Vietnam's 53 ethnic minority groups make up about 14% of the total population and as of 2004 over 60% of them are still very poor--many are the poorest, least healthy and least educated of the entire population. They tend to live in remote mountainous areas and often have little knowledge of basic healthcare practices, including personal hygiene.
After becoming aware of the malnourished, unhealthy state of many children among the ethnic minority population in the mountainous areas of Vietnam, Hands-On Saigon initiated an ongoing relief program, by gathering a team of qualified doctors and other volunteers to offer free medical assistance to these needy people.
Many trips have been made since the first four in 2008—each lasting a couple of days on average. The volunteer team usually consists of 4-5 doctors, 2 pharmacists and 15 assistants.
These remote areas are accessible, but often only by dirt roads that become treacherous during the rainy season. The team travels many hours by bus and then in the back of an open truck to reach these areas and bring in the needed supplies.
Each year, more than one thousand people of all ages have the opportunity to receive a doctor’s attention and in most cases, receive the free medicine they need. Participants also take home bags of nutritious food provided by donors.
The poor gather from miles around when they hear of the opportunity for a free medical exam. Young children, mothers and fathers and the elderly alike wait patiently for their turn to see the doctor.
Although there are clinics like this one scattered throughout the remote areas, there are insufficient doctors to regularly staff them and medicine is scarce.
Medical team volunteers fill out forms for patients and call out names when space becomes available inside the building to stand in line to see a doctor.
The doctors take notes as the patients explain their symptoms. Others wait in line for their turn. Several members of the same family often make the trip together as it’s a rare opportunity to see a doctor.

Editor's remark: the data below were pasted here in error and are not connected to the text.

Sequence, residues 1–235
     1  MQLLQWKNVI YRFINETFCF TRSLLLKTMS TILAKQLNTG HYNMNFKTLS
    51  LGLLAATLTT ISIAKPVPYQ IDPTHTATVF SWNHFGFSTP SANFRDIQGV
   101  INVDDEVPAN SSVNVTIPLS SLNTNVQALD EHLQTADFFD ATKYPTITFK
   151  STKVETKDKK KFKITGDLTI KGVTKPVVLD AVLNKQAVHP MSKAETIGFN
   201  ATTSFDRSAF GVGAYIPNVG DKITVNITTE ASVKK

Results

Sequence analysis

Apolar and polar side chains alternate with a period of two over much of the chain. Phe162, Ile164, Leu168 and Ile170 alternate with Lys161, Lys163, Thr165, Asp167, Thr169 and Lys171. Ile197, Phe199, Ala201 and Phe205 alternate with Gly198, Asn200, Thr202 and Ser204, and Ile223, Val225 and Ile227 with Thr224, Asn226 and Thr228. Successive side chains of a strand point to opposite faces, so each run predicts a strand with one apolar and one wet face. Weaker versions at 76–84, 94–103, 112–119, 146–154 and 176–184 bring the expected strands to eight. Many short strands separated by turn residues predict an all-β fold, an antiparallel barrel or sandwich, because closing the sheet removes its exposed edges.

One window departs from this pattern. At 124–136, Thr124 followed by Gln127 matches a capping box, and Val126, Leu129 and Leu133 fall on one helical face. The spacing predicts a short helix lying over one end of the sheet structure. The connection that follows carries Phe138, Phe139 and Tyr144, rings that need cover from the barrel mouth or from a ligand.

Doctors take time to listen and ask questions. Everyone has their hopes up and is grateful for the help.
Patients have their blood pressure taken as a routine part of the checkup.
Examinations are made to determine what treatment is needed.
Diagnoses are made, advice offered and prescriptions written.
Often the team tries to attend to patients at two clinics in one day as there is always a great demand for the doctors’ expertise.
Some of the expectant patients are happy and relaxed while others are more serious. Sometimes there’s fear or pain, but all are grateful.
These doctors and their teammates sacrificially yet joyfully donate their time and skills to help thousands of needy poor individuals in remote areas several times a year. The programs make a significant difference in the lives of many people.
In the simple and sometimes makeshift pharmacy, pharmacists prepare the prescriptions and their assistants distribute the free medicine to the waiting patients.
Poor villagers wait patiently at the open window for their medicine. Volunteer staff explains the instructions written on the prescriptions for patients who either can’t read or whose vision is poor.
Over a ton of food is donated and distributed and thousands of dollars’ worth of medicine is sponsored for each medical program.
Many of the participants receive free haircuts, personal hygiene education and grooming.
And part of the mission is that the children enjoy some personal attention and a bit of fun with Hands-On Saigon volunteers.